Developing robust systems to detect abuse is a crucial part of online content moderation and plays a fundamental role in creating an open, safe and accessible Internet. It is of growing interest to both host platforms and regulators, in light of recent public pressure (HM Government, 2019). Detection systems are also important for social scientific analyses, such as understanding the temporal and geographic dynamics of abuse.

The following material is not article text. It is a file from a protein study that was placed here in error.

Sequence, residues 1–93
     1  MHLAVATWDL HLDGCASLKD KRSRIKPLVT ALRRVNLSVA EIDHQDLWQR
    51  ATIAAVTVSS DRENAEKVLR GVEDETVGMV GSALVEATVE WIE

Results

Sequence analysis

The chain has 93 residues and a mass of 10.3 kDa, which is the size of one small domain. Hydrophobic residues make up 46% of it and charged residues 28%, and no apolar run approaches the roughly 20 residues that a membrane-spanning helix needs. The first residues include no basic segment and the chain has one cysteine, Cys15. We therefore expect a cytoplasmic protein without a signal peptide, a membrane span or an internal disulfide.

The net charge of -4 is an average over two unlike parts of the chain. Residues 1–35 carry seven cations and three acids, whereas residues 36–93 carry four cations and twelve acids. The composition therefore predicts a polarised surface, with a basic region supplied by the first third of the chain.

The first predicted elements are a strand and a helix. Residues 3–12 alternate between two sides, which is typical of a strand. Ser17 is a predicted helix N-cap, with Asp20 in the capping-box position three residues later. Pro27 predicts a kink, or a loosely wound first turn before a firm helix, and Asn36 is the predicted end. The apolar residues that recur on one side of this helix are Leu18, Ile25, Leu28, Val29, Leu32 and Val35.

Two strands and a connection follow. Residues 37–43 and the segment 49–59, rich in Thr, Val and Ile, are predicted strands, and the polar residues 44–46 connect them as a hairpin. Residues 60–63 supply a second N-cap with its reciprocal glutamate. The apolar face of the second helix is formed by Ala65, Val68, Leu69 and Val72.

Advances in machine learning and NLP have led to marked improvements in abusive content detection systems’ performance (Fortuna & Nunes, 2018; Schmidt & Wiegand, 2017). For instance, in 2018 Pitsilis et al. trained a classification system on Waseem and Hovy’s 16,000 tweet dataset and achieved an F-Score of 0.932, compared against Waseem and Hovy’s original 0.739; a 20-point increase (Pitsilis, Ramampiaro, & Langseth, 2018; Waseem & Hovy, 2016). Key innovations include the use of deep learning and ensemble architectures, using contextual word embeddings, applying dependency parsing, and the inclusion of user-level variables within models (Badjatiya, Gupta, Gupta, & Varma, 2017; Zhang et al., 2018). Researchers have also addressed numerous tasks beyond binary abusive content classification, including identifying the target of abuse and its strength as well as automatically moderating content (Burnap & Williams, 2016; Davidson, Warmsley, Macy, & Weber, 2017; Santos, Melnyk, & Padhi, 2018). However, considerable challenges and unaddressed frontiers remain, spanning technical, social and ethical dimensions. These issues constrain abusive content detection research, limiting its impact on the development of real-world detection systems.